France: Latest working life developments – Q1 2018

The next phase of labour market reform, measures to improve working conditions, and social conflict in the railway sector are the main topics of interest in this article. This country update reports on the latest developments in working life in France in the first quarter of 2018.

Second phase of labour market reform

The government continued its labour market reform with a draft law covering unemployment insurance, vocational training and apprenticeships. This text, which should be adopted in summer 2018, is partly based on two interprofessional agreements negotiated by the social partners: one on unemployment insurance and the other on vocational training . For unemployment insurance, there are two main measures: the first aims to allow employees who have been in work for five years and want to resign to receive an unemployment allowance; the second provides self-employed workers with an allowance of €800 per month, subject to conditions.

In addition, on the basis of a guidance document, the Prime Minister launched a consultation with social partners on an employment policy for people with disabilities. Social partners are invited to open negotiations at the end of the consultation period. Two reports, one from the Court of Auditors, the other from the General Inspectorate of Social Affairs and the General Inspectorate of Finance, criticised the operation and efficiency of the two current funds for the professional integration of disabled workers (Agefiph and FIPHFP).

Measures to improve working conditions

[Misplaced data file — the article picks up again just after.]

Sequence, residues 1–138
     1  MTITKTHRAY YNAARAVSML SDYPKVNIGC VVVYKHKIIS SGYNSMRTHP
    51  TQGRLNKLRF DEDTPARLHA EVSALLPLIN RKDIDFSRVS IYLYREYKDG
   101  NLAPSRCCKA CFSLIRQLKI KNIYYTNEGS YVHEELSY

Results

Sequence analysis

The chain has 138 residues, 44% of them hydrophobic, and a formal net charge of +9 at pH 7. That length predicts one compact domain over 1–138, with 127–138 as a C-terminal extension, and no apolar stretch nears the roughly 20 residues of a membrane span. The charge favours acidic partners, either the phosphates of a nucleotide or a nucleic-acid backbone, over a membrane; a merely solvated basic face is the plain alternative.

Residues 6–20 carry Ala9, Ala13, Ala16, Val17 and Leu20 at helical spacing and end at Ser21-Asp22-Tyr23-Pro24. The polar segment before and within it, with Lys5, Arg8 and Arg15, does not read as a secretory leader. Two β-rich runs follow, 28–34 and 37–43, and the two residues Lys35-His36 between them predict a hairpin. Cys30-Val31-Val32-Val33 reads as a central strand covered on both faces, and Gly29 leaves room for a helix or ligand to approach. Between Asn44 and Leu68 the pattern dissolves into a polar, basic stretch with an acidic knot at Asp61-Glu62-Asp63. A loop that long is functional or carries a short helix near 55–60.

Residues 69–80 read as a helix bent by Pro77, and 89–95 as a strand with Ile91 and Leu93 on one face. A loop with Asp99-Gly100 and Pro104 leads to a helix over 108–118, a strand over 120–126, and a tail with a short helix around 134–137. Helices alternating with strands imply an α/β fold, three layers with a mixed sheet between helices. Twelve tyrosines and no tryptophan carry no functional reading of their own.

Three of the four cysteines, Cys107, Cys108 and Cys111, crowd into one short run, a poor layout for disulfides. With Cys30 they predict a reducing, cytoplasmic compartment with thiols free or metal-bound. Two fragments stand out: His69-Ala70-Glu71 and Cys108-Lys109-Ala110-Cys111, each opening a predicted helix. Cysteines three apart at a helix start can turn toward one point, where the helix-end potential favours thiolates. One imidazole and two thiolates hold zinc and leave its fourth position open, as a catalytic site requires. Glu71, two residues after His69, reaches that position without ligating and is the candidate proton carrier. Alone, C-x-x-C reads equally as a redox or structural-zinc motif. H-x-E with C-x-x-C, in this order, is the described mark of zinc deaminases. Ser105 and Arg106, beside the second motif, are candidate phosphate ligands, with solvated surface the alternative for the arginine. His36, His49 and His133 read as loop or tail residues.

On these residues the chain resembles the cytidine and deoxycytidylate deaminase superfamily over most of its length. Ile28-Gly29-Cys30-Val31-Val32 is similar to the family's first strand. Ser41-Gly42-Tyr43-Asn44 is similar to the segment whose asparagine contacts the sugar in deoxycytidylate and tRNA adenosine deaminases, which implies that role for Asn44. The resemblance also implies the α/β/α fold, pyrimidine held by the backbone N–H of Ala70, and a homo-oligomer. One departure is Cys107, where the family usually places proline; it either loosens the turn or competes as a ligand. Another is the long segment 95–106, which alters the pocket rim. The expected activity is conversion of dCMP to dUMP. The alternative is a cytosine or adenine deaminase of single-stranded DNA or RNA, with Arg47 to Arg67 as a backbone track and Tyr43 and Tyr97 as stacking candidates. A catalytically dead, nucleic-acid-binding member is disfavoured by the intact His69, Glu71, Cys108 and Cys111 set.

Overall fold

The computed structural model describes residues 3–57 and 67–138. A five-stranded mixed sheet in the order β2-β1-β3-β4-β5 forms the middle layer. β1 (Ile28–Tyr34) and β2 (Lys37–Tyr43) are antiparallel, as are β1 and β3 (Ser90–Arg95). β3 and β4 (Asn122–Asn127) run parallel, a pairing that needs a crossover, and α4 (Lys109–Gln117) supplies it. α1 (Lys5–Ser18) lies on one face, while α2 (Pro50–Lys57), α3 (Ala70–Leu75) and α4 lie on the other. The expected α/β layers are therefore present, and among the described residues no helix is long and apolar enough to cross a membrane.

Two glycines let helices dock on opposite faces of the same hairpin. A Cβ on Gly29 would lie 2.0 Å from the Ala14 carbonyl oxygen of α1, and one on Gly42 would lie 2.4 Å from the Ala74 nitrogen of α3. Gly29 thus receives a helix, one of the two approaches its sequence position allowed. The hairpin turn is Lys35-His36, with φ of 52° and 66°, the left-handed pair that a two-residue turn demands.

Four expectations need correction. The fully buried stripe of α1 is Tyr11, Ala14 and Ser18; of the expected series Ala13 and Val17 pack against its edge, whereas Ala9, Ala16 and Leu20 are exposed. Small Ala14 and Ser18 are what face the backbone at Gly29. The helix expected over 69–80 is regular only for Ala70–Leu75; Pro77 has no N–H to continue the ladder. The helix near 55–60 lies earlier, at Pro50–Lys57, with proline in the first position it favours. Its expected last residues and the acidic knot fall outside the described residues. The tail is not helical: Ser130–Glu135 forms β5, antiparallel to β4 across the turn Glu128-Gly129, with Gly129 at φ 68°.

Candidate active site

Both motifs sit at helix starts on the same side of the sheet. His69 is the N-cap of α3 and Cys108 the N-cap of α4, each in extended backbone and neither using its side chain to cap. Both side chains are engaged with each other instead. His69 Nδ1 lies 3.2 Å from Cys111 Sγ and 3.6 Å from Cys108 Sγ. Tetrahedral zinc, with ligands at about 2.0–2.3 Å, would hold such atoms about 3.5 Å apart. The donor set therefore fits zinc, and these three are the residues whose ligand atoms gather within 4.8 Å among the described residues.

In February, a new law was created to allow those who care for people with disabilities or a loss of autonomy to benefit from leave not taken by other employees of their company. This new arrangement is similar to the one already in place for parents of seriously ill children. In addition, the government has asked a deputy to conduct a parliamentary mission on maternity leave and commissioned a report on paternity leave that will study, among other things, the possibility of increasing the length of leave.

The Minister of Labour has launched an action plan with 10 measures aimed at combating wage inequalities and eliminating the 9% gap that exists between men and women in equal positions by 2021. One of the proposed measures is the wider use of a free software tool which is integrated into the payroll software to objectively measure wage differences. The Defender of Rights has also published a recommendation to the public authorities to combat sexual harassment.

Social conflict in the railway sector

To reform the public railway company SNCF, the government has announced – on the basis of a report commissioned by the former President of Air France – its willingness to adopt ordinances, making it possible to pass reforms more quickly. The Prime Minister has upset the trade unions by announcing that new employees will no longer benefit from the favourable employment conditions included in the 'status of railway workers' and that the working conditions included in the Labour Code will apply instead. The main trade union organisations (Sud-Rail, Unsa, CFDT and CGT) have strongly denounced this reform and decided upon an unprecedented action: a strike plan of two days in every five, from April to June. This is combined with an Air France airline strike over wage claims where the unions are demanding a salary increase of 6%, or €200 per month, which management considers unreasonable.


Since its inception, the government has constantly announced reforms and adopted them without any notable opposition from the trade unions, even if they were essentially opposed to the measures and/or the consultation process. With the reform of the railway company SNCF, the government is facing its first social dispute.

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